Resource Guide

A specific charge of the Office on Socioeconomic Status (OSES) is to develop and facilitate relationships and activities to advance psychology as a major force in research, policy and advocacy related to socioeconomic status. One way to fulfill this charge is to collect and distribute SES-related information through the development and maintenance of an online resource guide. OSES has compiled journal articles, relevant websites, upcoming events, fact sheets and other publications that address socioeconomic status and related topics.

Organizations

  • Centers for Disease Control — Social Determinants of Health
    A basic overview that introduces the concept and defines the 'social determinants of health'. It also explores the political, social, and economic forces that intersect with it.
  • Diversity Web — Research on Socioeconomic Status and Higher Education
    This serves as an interactive resource hub for higher education that provides recent research on SES.
  • Pew Charitable Trust — Economic Mobility Project (EMP)
    EMP focuses on the ability to move up the income ladder from one generation to the next, how best to improve economic opportunity in the United States, making the American Dream possible for more. It’s a resource for examining factors such as SES at birth, race, gender, and ethnicity and how those factors influence the climb from poverty.
  • MacArthur Foundation Research Network on Socioeconomic Status and Health
    Multi-disciplinary network of scholars from various fields — including psychology — who have been working together for the last decade to “enhance understanding of the mechanisms by which SES factors affect the health of individuals and their communities through development of innovative research methods, creation of new data sets, novel findings, and identification of new concepts, hypotheses and directions for research.”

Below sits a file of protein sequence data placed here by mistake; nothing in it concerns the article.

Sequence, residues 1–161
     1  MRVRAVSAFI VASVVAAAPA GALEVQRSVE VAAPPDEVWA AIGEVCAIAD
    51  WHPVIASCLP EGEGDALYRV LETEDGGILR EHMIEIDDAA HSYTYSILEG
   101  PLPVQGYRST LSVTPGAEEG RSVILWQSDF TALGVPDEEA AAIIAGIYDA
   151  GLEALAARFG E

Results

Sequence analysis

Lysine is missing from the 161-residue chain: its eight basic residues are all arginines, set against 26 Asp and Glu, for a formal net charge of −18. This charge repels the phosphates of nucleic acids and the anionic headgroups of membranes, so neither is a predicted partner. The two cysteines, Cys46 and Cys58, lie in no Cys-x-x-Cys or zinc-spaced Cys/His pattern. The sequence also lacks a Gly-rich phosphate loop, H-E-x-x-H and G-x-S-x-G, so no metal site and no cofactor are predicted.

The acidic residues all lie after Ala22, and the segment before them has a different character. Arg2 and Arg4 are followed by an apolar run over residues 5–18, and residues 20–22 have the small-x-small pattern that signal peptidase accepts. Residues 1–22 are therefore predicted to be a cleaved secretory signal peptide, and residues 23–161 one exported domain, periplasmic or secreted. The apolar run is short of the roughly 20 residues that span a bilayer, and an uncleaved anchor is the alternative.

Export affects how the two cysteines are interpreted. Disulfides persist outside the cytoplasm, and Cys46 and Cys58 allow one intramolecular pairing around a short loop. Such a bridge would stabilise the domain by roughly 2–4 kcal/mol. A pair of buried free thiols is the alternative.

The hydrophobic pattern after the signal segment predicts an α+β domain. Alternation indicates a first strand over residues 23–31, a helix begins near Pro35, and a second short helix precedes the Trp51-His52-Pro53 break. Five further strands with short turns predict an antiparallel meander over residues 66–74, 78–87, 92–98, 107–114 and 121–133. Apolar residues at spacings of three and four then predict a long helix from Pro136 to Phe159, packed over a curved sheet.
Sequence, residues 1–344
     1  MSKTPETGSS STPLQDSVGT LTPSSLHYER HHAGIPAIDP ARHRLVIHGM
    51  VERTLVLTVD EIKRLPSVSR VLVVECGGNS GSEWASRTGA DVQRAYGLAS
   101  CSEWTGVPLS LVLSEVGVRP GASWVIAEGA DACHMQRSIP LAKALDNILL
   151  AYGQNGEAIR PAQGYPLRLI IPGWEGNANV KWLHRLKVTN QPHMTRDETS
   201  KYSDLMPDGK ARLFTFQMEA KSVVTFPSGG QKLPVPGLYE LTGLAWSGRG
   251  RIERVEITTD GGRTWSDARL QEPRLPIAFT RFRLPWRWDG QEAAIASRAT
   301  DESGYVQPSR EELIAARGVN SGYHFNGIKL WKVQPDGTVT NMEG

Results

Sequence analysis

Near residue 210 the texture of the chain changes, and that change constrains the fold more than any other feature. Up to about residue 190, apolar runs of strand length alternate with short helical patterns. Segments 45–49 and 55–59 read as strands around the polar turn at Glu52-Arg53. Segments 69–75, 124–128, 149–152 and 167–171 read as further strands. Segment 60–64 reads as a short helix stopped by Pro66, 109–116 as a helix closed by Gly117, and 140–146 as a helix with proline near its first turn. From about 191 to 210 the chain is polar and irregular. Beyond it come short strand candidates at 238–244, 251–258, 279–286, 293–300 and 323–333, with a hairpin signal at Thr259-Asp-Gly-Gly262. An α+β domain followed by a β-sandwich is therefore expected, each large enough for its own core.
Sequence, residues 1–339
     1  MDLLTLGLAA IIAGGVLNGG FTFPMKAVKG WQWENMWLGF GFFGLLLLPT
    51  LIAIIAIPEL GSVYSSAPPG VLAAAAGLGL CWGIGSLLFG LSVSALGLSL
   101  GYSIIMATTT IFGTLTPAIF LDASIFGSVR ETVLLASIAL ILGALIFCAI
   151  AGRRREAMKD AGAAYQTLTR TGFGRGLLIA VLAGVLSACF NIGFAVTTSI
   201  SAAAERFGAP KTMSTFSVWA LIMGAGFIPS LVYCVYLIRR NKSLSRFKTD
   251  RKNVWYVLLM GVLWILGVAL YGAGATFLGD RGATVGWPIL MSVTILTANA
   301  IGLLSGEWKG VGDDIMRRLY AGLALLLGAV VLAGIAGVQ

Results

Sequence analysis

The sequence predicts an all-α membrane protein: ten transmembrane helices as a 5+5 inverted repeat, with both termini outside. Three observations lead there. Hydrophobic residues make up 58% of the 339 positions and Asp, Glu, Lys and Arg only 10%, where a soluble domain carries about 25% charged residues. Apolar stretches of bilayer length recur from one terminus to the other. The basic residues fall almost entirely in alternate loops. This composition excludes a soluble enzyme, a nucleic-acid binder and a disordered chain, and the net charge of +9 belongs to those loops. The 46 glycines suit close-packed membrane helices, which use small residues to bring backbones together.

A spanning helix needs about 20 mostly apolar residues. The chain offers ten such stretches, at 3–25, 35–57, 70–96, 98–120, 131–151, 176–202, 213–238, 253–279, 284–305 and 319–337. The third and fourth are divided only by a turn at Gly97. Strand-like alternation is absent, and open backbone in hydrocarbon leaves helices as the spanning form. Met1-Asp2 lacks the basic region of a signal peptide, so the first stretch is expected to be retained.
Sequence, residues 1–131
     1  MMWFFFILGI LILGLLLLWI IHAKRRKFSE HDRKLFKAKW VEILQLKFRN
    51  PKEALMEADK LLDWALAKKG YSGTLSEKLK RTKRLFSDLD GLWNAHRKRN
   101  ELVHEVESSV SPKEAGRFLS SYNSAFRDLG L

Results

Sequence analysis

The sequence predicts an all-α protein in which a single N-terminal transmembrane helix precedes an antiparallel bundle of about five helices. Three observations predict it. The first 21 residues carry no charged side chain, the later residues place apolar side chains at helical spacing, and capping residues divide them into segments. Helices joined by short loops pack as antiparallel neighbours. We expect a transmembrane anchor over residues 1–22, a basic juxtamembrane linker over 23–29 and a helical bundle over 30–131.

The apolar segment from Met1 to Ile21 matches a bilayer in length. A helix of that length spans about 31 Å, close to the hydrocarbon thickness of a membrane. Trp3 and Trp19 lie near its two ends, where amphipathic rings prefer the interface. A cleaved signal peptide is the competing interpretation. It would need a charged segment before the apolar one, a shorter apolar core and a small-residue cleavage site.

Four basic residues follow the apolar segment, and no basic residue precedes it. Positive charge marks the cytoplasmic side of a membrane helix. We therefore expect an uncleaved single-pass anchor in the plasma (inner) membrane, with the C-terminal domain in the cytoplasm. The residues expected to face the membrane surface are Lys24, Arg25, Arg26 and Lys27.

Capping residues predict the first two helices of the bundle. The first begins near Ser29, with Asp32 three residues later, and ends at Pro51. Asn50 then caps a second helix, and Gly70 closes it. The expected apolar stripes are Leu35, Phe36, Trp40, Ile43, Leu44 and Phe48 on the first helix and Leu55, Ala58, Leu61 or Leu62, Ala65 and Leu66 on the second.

• RAND Population Research Center — Socioeconomic Status and Health
    Provides data and resources on disparities in adult and child health, population and the environment, health and educational outcomes in childhood, health of immigrants and research (re: Medicare).
  • Spotlight on Poverty
    “A non-partisan initiative that brings together diverse perspectives from the political, policy, advocacy, and foundation communities to find genuine solutions to the economic hardship confronting millions of Americans. Through the ongoing exchange of ideas, research, and data, Spotlight seems to inform the policy debate about reducing poverty and increasing opportunity in the United States.”
  • United States Interagency Council on Homelessness (USICH)
    USICH leads coordinated federal response to homelessness and fosters a national partnership at every level of government, including with the private sector, to end homelessness. Their website provides resource maps, policy descriptions, research and data on homelessness.

Global Context

Psychology-Specific

  • Institute on Social Exclusion — Adler School of Professional Psychology
    “Seeks to analyze the ways in which structural features of society condition human welfare, stimulate public dialogue on the underlying causes of disadvantage and on possible solutions, and engage in practical work that sheds light on and addresses social marginalization.”

  • Mental Health, Culture, and Community Research Program — Clark University